By: Jumana Al Tamimi
It has been posted on many buses in Washington, D.C., for few weeks provoking Muslims and non-Muslims alike.
The ad reads, “Islamic Jew-hatred; It’s in the Quran. Two thirds of all US aid goes to Islamic countries. Stop racism. End all aid to Islamic countries.”
Muslims in the US, supported by several Christians and Jewish leaders, united in their efforts to respond to the ads claiming that it is false that the Quran, holy book for Muslims, encourages Muslims to hate Jews.
They responded by posting another advertisement refuting the original ads placed by a group led by anti-Islam activist Pamela Geller.
“We normally ignore provocation of this nature because she (Geller) has been, along with other organisations, involved in propaganda against Muslims and Islam in the US,” said Nihad Awad, National Executive Director of CAIR (Council on American-Islamic Relations).
But, “when their campaign tried to influence the public opinion with false information, then we have to counter that with accurate information about Islam and Muslims,” Awad added in an interview with Gulf News.
“Therefore, our message that is going on buses (from Wednesday morning) in D.C., is an inclusive, interfaith message. It helps the public learn about the Quran from the Quran itself,” Awad said.
While this particular campaign costs $41,000 (Dh113,888), CAIR has a larger campaign of $157,000, comprising several series to counter the propaganda about Islam in the US.
Also, CAIR plans to re-launch another campaign to distribute copies of Quran translated to English to anybody interested from the public.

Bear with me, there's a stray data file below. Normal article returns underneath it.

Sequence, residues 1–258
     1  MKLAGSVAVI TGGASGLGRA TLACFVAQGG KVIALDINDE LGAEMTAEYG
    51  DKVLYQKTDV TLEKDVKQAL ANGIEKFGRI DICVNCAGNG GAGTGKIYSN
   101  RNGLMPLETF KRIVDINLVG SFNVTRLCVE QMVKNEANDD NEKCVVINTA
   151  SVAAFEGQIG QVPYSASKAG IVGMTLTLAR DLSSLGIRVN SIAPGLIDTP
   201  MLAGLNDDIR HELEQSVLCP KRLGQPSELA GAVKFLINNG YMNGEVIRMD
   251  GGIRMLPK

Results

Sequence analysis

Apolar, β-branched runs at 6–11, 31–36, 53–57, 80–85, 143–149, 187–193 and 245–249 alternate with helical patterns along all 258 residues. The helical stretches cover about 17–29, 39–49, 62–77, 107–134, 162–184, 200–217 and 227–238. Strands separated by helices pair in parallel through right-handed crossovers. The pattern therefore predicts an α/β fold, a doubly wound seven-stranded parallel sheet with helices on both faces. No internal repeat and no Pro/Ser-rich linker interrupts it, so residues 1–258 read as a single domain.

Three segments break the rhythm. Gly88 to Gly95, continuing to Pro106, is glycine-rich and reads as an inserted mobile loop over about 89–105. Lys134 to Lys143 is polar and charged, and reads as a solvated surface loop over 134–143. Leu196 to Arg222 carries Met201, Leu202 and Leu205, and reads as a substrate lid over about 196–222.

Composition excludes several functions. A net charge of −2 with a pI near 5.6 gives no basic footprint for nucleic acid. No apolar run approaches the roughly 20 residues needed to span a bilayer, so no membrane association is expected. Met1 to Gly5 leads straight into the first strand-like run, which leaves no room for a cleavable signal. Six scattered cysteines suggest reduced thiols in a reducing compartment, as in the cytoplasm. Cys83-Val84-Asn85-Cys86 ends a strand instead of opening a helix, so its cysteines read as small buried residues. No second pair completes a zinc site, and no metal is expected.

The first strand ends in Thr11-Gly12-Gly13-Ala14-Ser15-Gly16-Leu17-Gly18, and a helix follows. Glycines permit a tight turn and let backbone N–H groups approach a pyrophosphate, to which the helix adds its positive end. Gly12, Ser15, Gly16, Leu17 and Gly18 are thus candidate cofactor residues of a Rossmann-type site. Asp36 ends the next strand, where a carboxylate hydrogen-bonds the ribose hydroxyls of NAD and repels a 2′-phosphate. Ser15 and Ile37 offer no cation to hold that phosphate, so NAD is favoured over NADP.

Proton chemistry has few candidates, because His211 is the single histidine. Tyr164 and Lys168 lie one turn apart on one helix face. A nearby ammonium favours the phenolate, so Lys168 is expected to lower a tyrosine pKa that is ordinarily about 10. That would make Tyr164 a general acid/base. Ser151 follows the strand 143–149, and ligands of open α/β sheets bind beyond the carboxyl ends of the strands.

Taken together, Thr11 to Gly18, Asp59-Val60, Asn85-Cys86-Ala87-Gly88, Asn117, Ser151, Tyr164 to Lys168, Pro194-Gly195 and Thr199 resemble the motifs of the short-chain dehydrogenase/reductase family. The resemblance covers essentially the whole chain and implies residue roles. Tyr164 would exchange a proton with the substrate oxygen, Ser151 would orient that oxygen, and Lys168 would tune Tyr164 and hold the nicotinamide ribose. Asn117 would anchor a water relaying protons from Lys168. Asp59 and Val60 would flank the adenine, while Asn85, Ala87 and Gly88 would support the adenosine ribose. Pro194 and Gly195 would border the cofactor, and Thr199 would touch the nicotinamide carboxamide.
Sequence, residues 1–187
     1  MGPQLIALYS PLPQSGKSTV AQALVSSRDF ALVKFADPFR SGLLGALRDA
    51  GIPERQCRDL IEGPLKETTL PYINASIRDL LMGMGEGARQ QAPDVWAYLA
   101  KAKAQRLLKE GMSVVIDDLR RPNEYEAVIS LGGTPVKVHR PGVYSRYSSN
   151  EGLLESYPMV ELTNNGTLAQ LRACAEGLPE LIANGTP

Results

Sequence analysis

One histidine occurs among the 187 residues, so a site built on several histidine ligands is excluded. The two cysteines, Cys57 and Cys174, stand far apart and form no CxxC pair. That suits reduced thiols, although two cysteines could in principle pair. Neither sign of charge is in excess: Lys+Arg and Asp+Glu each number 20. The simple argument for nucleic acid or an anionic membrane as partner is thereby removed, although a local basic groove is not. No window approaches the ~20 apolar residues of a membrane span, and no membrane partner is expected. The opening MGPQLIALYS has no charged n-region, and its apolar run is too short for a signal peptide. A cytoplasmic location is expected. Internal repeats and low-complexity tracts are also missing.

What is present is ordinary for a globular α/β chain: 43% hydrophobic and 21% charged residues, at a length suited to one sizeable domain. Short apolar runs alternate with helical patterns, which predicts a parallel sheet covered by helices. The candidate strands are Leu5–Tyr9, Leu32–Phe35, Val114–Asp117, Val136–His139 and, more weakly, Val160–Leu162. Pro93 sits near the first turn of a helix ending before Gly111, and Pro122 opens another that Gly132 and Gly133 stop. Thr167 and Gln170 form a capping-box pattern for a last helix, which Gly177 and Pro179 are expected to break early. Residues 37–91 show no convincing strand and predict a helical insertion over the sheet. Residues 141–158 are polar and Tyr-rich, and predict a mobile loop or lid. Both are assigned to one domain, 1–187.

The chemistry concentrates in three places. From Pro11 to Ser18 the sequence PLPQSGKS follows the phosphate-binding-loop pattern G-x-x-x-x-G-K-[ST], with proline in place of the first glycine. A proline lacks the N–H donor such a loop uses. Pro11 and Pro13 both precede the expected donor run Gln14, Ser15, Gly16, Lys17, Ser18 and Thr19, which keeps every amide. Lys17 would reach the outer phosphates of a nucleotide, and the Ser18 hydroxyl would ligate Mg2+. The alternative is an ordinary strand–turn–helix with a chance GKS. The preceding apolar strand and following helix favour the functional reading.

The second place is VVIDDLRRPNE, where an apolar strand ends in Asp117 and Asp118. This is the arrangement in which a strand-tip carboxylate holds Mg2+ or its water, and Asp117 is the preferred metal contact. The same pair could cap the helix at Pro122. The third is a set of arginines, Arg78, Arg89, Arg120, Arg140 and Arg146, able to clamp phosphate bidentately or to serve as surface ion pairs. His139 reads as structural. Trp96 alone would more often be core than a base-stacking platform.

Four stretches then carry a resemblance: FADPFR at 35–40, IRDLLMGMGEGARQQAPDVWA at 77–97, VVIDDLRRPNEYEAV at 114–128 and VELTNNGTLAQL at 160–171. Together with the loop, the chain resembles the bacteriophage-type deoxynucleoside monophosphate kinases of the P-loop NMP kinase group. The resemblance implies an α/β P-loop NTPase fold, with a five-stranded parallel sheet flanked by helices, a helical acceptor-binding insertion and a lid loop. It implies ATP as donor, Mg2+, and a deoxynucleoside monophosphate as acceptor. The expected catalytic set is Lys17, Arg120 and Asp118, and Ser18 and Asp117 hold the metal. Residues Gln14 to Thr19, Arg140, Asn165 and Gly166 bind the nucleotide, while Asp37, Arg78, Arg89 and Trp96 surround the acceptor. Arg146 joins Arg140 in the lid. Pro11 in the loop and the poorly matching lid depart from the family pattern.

Earlier, nearly 80,000 copies were distributed, “so the public has access to authentic formation about Islam,” Awad said.
Asked whether they plan to take another step, Awad replied “in the US, the first amendment (of the constitution) guaranteeing every one the freedom to speak, even to speak hatred. That is one reality we live,” Awad said.
“This is a distortion to facts and exploitation to history,” commented Mohammad Ghuneim, a veteran former Arab-American broadcast journalist on the ad, in an interview with Gulf News.
The ad’s declaration that two-thirds of the US aid go to Islamic countries is not true. Israel is the biggest beneficiary of US aid with nearly $11 billion a year, he said.
As for the picture in the ad of Adolf Hitler sitting next to the late Palestinian religious and revolutionary leader Haj Ameen Al Husseini, Ghuneim commented since “everybody is against Nazism, they are trying to relate Islam to Nazism,”.
Al Husseini, who was the Mufti of Palestine under the British mandate, was one of the main leaders in the Palestinian revolution in the thirties of the last century. Al Husseini was sentenced to death by the British colonial authorities, but managed to escape and travelled to Germany in 1939.
“Al Husseini was not a supporter to Nazism. It (Germany) was the only place he could resort to escaping the British pursuit,” he said.
Awad believes that those behind the provocative ad “are trying to spread false information about Islam and Muslims… These are experts in misinformation so the public will be confused.”
However, many non-Muslims criticised the campaign as hateful and prejudice, including some Jewish religious leaders.
Rabbi Rachel Gartner, board member of the T’ruah: The Rabbinic Call for Human Rights posted a response to the provocative bus ad.
“As an American, I insist on the right to free speech, even when I deplore the message. As a rabbi, I insist on the responsibility to speak out against hateful speech, particularly when it comes from one of our own,” she said in her article posted on the Huffington Post website.
“Ms. Geller, here’s what I have to say. If you have a political statement to make: first , check that it’s not actually hate speech in political garb. Secondly. Keep the Quran out of it. Unless you also want to reference suras like this one (there are many): “Indeed, I, God, sent down the Torah, in which was guidance and light, and the prophets judged by it, as did the rabbis and scholars.” (Quran 5:44). Thirdly, be righteous in the way you engage religious texts — others’ and our own — in all contexts.”